Wyoming Predators; Always a Key Topic of Conversation

Wolves and grizzly bears are all over northwest Wyoming and ranchers say they bring physical and financial harm to their livelihood.

News13's Bobby Poitevint explains how these animals impact Wyoming’s ranching industry.

During a joint meeting between stock growers and the Association of Conservation Districts representatives and ranchers discussed land and livestock issues.

Trespassing on private property was front and center, but solution is a tough question.

Jim Magagna from the Wyoming Stock Growers Association shared, “We don't in any way deny anyone’s right to go on to public resources and collect information but that shouldn't be done without respect for private property rights."

Other issues are predators calling Wyoming home.

Recently gray wolves and grizzly bears were removed from the endangered species list.

Around the rest of Wyoming, wolves are considered predatory animals and can be shot if one feels threatened.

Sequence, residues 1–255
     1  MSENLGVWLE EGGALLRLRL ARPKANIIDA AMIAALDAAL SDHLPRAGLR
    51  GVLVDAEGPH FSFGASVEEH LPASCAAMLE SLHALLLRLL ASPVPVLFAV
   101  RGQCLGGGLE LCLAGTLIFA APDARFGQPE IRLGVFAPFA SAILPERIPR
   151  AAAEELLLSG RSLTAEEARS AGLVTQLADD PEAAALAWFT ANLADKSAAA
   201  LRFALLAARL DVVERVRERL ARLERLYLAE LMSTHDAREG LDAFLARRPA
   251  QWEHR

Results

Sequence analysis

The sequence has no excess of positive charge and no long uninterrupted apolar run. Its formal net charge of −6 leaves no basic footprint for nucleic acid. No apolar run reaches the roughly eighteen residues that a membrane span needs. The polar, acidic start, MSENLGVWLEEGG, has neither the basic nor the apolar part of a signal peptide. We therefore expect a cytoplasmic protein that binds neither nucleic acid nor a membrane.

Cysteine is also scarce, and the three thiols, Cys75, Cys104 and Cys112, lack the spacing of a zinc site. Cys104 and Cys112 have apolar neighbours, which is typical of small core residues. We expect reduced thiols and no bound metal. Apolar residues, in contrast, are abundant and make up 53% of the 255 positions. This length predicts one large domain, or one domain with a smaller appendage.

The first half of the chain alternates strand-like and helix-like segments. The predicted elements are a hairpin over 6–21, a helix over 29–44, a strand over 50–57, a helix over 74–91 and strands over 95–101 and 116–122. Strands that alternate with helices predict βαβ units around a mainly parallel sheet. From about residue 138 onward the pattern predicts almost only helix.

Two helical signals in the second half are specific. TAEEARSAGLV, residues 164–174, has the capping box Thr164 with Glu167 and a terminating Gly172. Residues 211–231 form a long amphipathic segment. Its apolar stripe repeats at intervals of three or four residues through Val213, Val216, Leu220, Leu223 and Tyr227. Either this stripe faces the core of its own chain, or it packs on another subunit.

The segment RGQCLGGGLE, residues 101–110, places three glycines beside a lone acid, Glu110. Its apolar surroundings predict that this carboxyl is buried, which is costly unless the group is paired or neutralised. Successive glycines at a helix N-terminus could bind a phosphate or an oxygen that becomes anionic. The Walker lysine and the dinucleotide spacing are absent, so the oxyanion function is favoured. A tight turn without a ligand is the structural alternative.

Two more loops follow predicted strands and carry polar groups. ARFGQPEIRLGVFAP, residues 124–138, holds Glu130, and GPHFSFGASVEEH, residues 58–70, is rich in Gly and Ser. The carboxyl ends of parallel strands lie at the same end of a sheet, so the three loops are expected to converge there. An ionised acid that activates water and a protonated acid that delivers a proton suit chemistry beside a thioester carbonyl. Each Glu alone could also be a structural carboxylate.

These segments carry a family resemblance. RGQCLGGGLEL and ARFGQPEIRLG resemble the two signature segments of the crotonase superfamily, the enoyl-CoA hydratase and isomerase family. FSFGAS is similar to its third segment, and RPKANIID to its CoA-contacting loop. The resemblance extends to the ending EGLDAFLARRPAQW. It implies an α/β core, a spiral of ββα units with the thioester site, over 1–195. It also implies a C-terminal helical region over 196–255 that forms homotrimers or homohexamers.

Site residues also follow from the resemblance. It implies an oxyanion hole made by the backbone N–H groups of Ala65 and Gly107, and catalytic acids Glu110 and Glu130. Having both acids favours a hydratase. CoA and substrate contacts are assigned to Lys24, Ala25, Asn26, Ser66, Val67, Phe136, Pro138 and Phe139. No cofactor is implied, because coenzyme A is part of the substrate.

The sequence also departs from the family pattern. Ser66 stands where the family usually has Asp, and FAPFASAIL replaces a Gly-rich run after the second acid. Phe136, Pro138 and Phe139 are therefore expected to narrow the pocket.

Land owners say wolves and grizzles hurt northern Wyoming ranching.

Wyoming landowner Dennis Sun told News 13, “If you’re up in the greater Yellowstone area and your running cattle and all of this or sheep, you've got some issues."

Pinedale ranchers can have heavy livestock losses during summer months

"Range around four to five percent when wolves came in those started jumping up to eight to nine percent and then grizzly bears even overwhelm the wolves and their loses. I just heard recently a number the other day I haven't confirmed it yet but I think it's accurate, they had a 13 percent losses this year and those are unsustainable if you’re in the livestock business."

Wyoming Game and Fish staff says they are currently in the, "gathering information process," after the de-listing of the Yellowstone grizzly bear.

Staff will continue to discuss these and other issues through Thursday on Casper.